We find that the best place for this collaboration is during clinical development planning, which is much earlier than typical trial design discussions. Clinical development planning, among other things, attempts to identify the optimal set of trials to collect the necessary evidence to support the desired product profile of the treatment balancing time, cost and risk. We find that when this planning takes into account the entirety of required evidence, not just that to support safety and efficacy claims, the use of innovative trial designs can play an appropriate role in streamlining the overall clinical trial strategy.
This is because by looking at not just clinical evidence requirements but also commercial evidence requirements (i.e., for payers, patients, caregivers and providers) it is likely possible to save time by combining what otherwise might be separate trials into a smaller set. This reduces the overall time/cost/risk calculus (all other things being equal) and can get the right treatments to the right patients faster.
What are some of the ethical considerations that need to be taken into account when designing and conducting innovative clinical trials?
Innovative clinical trials are certainly bound by the same ethical considerations as traditional trials. Typically the innovative designs focus on minimizing exposure to patients of experimental treatments and, where applicable, no treatment (i.e., a placebo arm). This must be done while maintaining the integrity of the evidence generation process to ensure appropriate statistical power for the questions at hand.
Because innovative designs may be more complex than traditional designs, it is especially important to ensure the added complexity does not compromise adherence with ethical considerations and requirements.
How do you see the field of clinical trial design evolving over the next 5-10 years?
We see three main trends that hopefully will strengthen in the coming years. First, the emphasis on trial design considerations much earlier during clinical development planning to optimize the time/cost/risk calculus in determining the best set of clinical trials to execute given the totality of evidence requirements (i.e., both clinical and commercial). Second, the focus on the needs and desires of the patient to drive participation in clinical research in a “patient-centric” way. And finally, the appropriate use of both experimental (i.e., through clinical trials) and real-world data to paint a more comprehensive picture of the safety, efficacy, and patient utility of treatments.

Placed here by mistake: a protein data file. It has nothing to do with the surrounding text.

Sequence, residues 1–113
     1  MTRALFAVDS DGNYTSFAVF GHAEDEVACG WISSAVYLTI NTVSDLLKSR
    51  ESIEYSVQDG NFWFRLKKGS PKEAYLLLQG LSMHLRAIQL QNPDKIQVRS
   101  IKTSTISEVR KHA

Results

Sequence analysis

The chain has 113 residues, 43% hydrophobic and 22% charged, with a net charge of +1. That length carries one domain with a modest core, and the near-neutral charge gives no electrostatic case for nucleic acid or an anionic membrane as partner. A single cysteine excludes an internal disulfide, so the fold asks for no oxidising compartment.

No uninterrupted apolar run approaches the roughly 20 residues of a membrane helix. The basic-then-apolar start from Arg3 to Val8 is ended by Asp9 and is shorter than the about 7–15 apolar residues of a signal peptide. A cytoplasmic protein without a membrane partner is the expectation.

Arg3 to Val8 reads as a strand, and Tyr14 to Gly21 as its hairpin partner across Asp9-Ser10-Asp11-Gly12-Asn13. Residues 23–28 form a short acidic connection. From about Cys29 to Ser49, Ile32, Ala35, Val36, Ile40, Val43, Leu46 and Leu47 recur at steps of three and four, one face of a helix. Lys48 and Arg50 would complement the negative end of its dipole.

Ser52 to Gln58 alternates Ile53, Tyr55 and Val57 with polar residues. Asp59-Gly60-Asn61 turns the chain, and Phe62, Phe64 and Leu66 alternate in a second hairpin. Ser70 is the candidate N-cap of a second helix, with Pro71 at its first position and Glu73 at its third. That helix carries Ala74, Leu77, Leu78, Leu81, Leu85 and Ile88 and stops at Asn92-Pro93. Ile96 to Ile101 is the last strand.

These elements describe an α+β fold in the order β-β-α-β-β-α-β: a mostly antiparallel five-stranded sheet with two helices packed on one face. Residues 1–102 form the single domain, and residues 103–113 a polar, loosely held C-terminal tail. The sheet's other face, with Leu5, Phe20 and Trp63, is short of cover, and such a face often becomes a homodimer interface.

What advice would you give to young professionals interested in pursuing a career in drug development and clinical trial design?
Innovation typically happens where disciplines overlap. As such, identifying and specializing in more than one discipline positions you to be a driver of innovation, which has so many professional and personal rewards. For example, in my case the intersection of economics and epidemiology created opportunities to apply both clinical and behavioural science to evidence generation in a different way. Also, focus on less tangible skills such as leadership and communication.
Finally, what excites you the most about the future of drug development and the potential for innovative trial designs to improve patient outcomes?
We think just that—improving patient outcomes, especially the outcomes that matter to patients and caregivers. Ultimately research is a means to an end, but the best research attempts to really understand that end from the patient perspective and then plan and execute in a way that optimizes time, cost and risk. Innovative trial designs certainly play a role in that approach, but overcoming today’s challenges will require so much more. There is a lot to be excited about!